Hail Demo: Terminal Velocity

Concept-Reality-Ad_IBHS-2The only thing that rivals the challenge of making realistic hailstones is developing a system for delivering them in a way that simulates the type of terminal velocity achieved in nature. On February 20, approximately 10,000 hailstones will take flight from a catwalk some 60 ft. high inside the IBHS Research Center. 

IBHS researchers will activate 72 barrels on a dozen hail cannons mounted on the catwalk to simultaneously to fire an array of hailstones in a national media event to be televised by NBC’s Today Show, The Weather Channel and more than 20 other media outlets. Media coverage begins at 7 a.m. EST on Today. 

The custom-made compressive air cannons are outfitted with sleeves that use a gravity feed hopper system. Researchers can shoot three sizes of hailstones in different directions in 3-second intervals to simulate an actual hailstorm.

Innovative in Action: Launching Hail

After investigating numerous options, IBHS researchers determined there was no off-the-shelf solution for launching hailstones. So, the engineers designed and built multi-barreled hail cannons, which they mounted on the Research Center catwalk, 60 feet above the test specimen house inside the center’s massive test chamber. 

“Creating hailstones and designing and building the hail cannons were two of the greatest challenges we faced,” says lead hail research Dr. Tanya Brown. “But, like every research project we undertake at IBHS, getting the science right is paramount. We thoroughly investigated many hailstone formulas and hailstone delivery prototypes to ensure our hailstorm capabilities provide the closest match possible to Mother Nature.”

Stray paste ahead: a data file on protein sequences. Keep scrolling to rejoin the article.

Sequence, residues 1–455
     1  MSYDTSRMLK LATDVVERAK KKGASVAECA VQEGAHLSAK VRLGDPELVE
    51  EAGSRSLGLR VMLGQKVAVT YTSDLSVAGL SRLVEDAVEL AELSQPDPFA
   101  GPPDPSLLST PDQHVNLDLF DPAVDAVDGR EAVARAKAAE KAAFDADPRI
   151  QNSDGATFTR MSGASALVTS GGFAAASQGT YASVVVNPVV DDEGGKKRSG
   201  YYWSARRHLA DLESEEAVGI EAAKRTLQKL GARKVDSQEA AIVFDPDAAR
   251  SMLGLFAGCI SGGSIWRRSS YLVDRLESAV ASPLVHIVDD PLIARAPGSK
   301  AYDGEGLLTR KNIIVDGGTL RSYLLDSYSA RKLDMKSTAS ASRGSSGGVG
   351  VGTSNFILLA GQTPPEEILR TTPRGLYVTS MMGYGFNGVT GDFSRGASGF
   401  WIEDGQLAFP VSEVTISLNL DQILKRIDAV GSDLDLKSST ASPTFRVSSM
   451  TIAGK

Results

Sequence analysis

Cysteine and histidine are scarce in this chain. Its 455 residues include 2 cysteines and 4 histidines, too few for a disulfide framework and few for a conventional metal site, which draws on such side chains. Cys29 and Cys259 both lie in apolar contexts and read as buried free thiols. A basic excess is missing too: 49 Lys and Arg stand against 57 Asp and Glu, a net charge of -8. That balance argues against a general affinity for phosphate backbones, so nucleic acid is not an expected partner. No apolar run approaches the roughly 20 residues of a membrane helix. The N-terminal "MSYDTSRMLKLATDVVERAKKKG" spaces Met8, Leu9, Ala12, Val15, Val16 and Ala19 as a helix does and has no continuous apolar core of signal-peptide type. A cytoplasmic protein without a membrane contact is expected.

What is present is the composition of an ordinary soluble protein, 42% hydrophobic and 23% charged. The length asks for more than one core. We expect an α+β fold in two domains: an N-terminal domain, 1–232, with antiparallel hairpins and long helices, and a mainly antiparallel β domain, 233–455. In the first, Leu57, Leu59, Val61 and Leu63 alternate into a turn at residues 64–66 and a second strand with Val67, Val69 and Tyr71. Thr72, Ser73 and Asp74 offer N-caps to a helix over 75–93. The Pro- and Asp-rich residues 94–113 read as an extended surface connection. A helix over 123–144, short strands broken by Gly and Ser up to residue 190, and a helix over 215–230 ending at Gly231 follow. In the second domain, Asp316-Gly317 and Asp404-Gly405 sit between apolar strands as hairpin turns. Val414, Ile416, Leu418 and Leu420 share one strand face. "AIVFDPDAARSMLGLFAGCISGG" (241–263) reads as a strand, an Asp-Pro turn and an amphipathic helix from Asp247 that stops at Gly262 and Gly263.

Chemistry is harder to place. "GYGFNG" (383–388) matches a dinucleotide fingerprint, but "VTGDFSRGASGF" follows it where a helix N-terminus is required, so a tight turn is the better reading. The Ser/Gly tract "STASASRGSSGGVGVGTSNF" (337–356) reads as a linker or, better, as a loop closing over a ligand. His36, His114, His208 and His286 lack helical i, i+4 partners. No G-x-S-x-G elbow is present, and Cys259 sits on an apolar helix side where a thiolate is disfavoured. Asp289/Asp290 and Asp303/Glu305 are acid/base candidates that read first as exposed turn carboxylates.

During the full-scale IBHS hailstorm, multi-barreled hail cannons will launch hailstones ranging from diameters of 1 in., 1.5 in. and 2 in. at up to 76 mph. The cannons are aimed a 20 ft. by 20 ft. residential-style test specimen featuring different types of roofing and siding materials. In the first-ever demonstration of this capability, to simulate a common residential space, IBHS will place a car and typical outdoor furniture, toys, and accessories near the structure.

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IBHS Hailstorm Demonstration – Developing the Cannons

Terminal Velocity

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Developing a cannon’s loading mechanism.

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A hail cannon being tested at the IBHS Research Center.

Early tests of a hail cannon at the IBHS Research Center.

Early tests of a hail cannon at the IBHS Research Center.

A hail cannon mounted on the catwalk at the IBHS Research Center.

A hail cannon mounted on the catwalk at the IBHS Research Center.

Dr. Ian Giammanco, IBHS research scientist, works on a hail cannon.

Dr. Ian Giammanco, IBHS research scientist, works on a hail cannon.

Hail cannons are shown being installed on the catwalk at the IBHS Research Center.

Hail cannons are shown being installed on the catwalk at the IBHS Research Center.

 

2 Responses to Hail Demo: Terminal Velocity

  1. I watched the weather channel today and saw one of the videos where they were pointing out damage. Jim Cantore pointed out an impact on the vinyl siding and asked about the siding. Julie, the CEO of IBHS, said the whole side would have to be stripped. It was not clear how much was damaged.

    It is acceptable to replace damaged siding pieces instead of the whole elevation. The amount of damage to the elevation would dictate cost effectiveness of repair vs. replace. The statement by the CEO could be misleading to the public.

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